Entrepreneurial opportunities for the locals at the basic level were thus frustrated. Almost all those whose businesses collapsed under this onslaught resorted to leasing their trading places to the very invaders who forced them out of business. Thus the cycle of intergenerational wealth inequality and poverty was again perpetuated. And the levels of anger and resentment were also deepened. Given the legacy of exclusion in the apartheid era and confronted with another wave of domination and exclusion in the democratic phase, a very toxic situation was created and an uprising was entirely predictable.

An important point to note is that there is very little cultural compatibility with the communities in which they trade and as I understand it from the social anthropologists, this is the first fault line in social harmony and stability. Their dominant presence has resulted in a form of cultural disruption. Naturally they will be viewed with suspicion as unwelcome “strangers”. This is what xenophobia is all about.

It is instructive to visit any black township and observe, without fail, groups of young adolescent men ‘’hanging- out’’ at street corners with forlorn faces and nothing to do while ‘’strange’’ people, completely unknown to them, are engaged in successful trade in their communities. All they can see everywhere is rising opportunities for the few and not for them in the new democratic South Africa that promised a ‘’better life for all’’.

An even more scary development is the constant and consistent claim by these communities that the growing problem of drug dealers and abuse is blamed on the illegal migrants. The members of these communities, especially in the downtrodden CBD’s, claim that they know the drug dealers. They know their names. They know that they are illegal migrants and they know where they live. Clearly the police have failed to protect these communities and enforce law and order. As we have seen in Rosettenville, the next step was not difficult to imagine!

A more critical factor that I believe is significant in understanding the growing level of frustration in the communities is how externalities played a role in shaping the current attitudes. They constitute a confluence of factors that has become a perfect storm.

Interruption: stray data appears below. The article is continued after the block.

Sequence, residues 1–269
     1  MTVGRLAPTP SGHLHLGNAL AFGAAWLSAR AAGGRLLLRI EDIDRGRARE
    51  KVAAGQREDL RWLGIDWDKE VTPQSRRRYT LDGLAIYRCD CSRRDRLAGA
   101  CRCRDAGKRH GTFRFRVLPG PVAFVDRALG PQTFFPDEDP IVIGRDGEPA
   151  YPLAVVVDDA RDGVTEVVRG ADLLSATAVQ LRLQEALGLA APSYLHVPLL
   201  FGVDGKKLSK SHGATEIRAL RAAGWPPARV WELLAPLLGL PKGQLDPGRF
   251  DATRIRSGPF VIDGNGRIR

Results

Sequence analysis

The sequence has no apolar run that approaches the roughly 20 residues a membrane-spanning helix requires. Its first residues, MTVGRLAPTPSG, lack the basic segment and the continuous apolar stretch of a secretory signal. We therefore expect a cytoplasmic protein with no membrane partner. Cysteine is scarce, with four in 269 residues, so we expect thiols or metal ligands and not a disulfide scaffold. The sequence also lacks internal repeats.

South Africa is trapped in a slow growth scenario for the next five years with the formal sector shedding jobs on a continuous basis. We are currently experiencing the highest levels of unemployment and inequality in the world. Our dysfunctional education system is failing to produce the intended outcomes in the context of a growth trajectory that places emphasis on higher level skills and high value and technology driven production. Very few people are employed or enjoy gainful activity in relation to the population that is able to work and our entrepreneurship activity is very low compared to our competitor countries.

At the centre of all this is that our immigration control system has clearly failed us. Home Affairs have no clue as to the number of undocumented and illegal migrants in the country at this moment. Targeting employers to identify undocumented employees is a reactionary and disingenuous public stunt by Home Affairs that is intended to mask their incompetence while they ignore the real and growing sources of anger in the black townships and the decaying CBD’s.

The biggest problem is the colonization and invasion of a very special kind that has been allowed to expand unabated and very successfully in the black townships in the past two decades. It constitutes the biggest threat to peace and stability in our young democracy. And it could have been prevented. A bigger policy question is whether migrants should be permitted to compete at the micro retail level.